Pale and as lovely as the moon, she reminded him of finely spun glass. Precious and extremely breakable. She was no doubt the kind of empty-headed young lady who would be easy to get along with, a trait prized in the ballrooms of London. She’d make an ideal wife to any one of the gentlemen present tonight.

Which was most, most unfortunate.

The lady was a beautiful flower, a diamond of the first water. Beautiful and useless. Once the pack got their hands on her, he couldn’t imagine anything but disaster in Lady Amelia’s future. And it troubled him more than he liked.

What the hell had the humans done to the offspring of two of the world’s most powerful wolves?

The pack’s future rested in her hands? Her helpless hands? Well then, that was it. They were already doomed.

Vlad and his pack were going to eat her alive.

 

* * * * *

 

I
a
m such a fraud.

Lady Amelia Routledge—Lia to her friends—danced the quadrille as if she were a clever automaton, smiling sweetly at all the appropriate places, but just going through the motions. She had loving parents, a generous dowry, and every advantage a young lady could hope to have. And yet, she selfishly wanted more—
needed
more.

It wasn’t baubles or diamonds or anything so garish, nothing that could be bought that she craved. Nor friends or admirers. She had no shortage of either. Her parents, the Earl of Hawthorn, the renowned diplomat and his countess, loved her and doted on their only child as if the sun rose and set just for her. Because of them, she never wanted for anything. She considered herself the most fortunate lady in London.

And yet, something was missing from her life. An emptiness burned in her chest. Her mind constantly whirled. Her body felt restless. She rarely slept anymore. In her search for fulfillment, she’d dedicated hours every week to her charity work. She’d sought scholarly pursuits that more often than not left her head pounding.

She’d even fallen in love…once.

She could quote Shakespeare, Keats, and Byron, name the constellations in the night sky, discuss the merits and hazards of the Corn Laws, and tell anyone who cared to ask why love wasn’t worth the time. But she couldn’t douse the infernal fire that grew hotter with the passing of every day. Even now, despite the frivolity of the ball, it scorched her, threatening to consume her.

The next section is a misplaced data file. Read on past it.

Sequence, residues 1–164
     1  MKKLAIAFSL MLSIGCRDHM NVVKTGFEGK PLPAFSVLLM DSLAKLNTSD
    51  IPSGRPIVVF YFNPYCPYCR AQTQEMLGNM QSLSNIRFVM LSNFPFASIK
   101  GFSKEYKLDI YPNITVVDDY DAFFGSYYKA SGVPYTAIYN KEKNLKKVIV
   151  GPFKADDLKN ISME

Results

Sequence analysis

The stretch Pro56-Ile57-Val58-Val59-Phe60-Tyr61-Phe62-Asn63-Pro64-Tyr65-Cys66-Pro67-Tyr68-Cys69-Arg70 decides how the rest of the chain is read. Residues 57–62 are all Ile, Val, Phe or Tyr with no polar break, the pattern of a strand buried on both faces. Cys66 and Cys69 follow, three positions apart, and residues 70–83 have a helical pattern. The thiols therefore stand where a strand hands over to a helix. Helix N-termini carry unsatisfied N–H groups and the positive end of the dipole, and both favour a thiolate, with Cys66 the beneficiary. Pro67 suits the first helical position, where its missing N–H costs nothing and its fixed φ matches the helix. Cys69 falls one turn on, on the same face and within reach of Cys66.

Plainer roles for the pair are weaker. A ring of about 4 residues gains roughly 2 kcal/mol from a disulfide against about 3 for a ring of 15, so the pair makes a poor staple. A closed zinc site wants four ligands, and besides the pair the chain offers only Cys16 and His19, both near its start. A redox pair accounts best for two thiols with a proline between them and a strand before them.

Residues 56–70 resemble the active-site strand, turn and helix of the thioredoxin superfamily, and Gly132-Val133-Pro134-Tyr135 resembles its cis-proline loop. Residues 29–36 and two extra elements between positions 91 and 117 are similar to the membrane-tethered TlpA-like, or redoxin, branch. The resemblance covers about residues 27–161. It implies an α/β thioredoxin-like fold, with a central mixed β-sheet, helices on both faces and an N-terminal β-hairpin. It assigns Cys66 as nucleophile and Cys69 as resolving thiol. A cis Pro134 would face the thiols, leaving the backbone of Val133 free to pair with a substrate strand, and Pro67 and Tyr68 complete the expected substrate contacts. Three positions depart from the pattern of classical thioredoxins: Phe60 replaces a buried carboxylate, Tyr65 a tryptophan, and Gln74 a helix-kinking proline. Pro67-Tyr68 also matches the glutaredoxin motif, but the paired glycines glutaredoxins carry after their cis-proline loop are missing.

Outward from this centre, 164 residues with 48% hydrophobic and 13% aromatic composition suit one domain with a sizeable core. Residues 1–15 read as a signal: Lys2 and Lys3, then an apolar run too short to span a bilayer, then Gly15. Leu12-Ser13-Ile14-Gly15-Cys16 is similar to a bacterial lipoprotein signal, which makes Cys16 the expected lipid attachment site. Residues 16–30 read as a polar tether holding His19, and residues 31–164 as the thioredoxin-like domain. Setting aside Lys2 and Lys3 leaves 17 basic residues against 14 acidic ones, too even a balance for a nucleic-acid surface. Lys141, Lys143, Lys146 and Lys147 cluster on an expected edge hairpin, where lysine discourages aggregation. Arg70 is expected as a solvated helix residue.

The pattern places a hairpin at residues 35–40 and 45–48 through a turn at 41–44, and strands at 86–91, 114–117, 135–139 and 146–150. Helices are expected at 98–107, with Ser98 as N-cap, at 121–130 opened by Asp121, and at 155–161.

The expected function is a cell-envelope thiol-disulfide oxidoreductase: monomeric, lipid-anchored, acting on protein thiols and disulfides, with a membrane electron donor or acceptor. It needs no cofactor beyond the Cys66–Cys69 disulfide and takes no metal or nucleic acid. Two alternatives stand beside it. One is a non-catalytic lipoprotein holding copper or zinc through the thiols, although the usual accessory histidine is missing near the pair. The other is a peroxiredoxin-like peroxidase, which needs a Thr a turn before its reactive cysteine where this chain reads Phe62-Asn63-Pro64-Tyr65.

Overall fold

She’d give anything—
every
thing—to find the cause of her unhappiness.

“You dance exquisitely, Lady Amelia,” her latest partner, Lord Duncan, commented as the set drew to a close.

“Thank you
,
” Lia answered with a gentle tilt of her head. “And you were a delightful partner. You only managed to stomp my toes three times.”

Lord Duncan chuckled. Unlike most of the eligible gentlemen in the room, he had no desire to win her or her tempting dowry.

“Have you seen Clarissa—er—Miss Sutton this evening?” he asked. This Season hapless Duncan was hopelessly in love with Lia’s cousin, Clarissa.

“She was dancing with Captain Jakes, I believe.”

“Ack, my poor dove’s feet! You should have told me so I could have saved her from that lead-booted cad.”

“And I suppose your feet are feathers?”

Lord Duncan scowled. “I apologize for that. My mind wasn’t on the dance.”

“No, it was on Clarissa. Come.” She patted his arm, not ready to let him go just yet. “Escort me to the refreshments room. You can tell me more about that young gelding you’re thinking of purchasing.”

He brightened at the mention of his horses. He could speak for hours on that particular topic. Lia half-listened as they made their way across the crowded ballroom.

She felt safe clinging to her old friend’s arm when so many of the gentleman at tonight’s ball wanted to dance with her, or talk with her, or flirt with her. It was a hazard of possessing such a large dowry and having spent one too many Seasons on the marriage mart. At one-and-twenty, everyone expected her to be well and wed before the Season’s end.

Marriage, what a dreadful thought. She usually handled the pressure without a jot of trouble. But tonight she was in a mood to snarl and snap.

She hated being confined in such a crowded space while pretending she was nothing more than a mindless, empty-headed twit. Being forced to play such a game while trapped in an overheated crowded space would overset anyone’s nerves.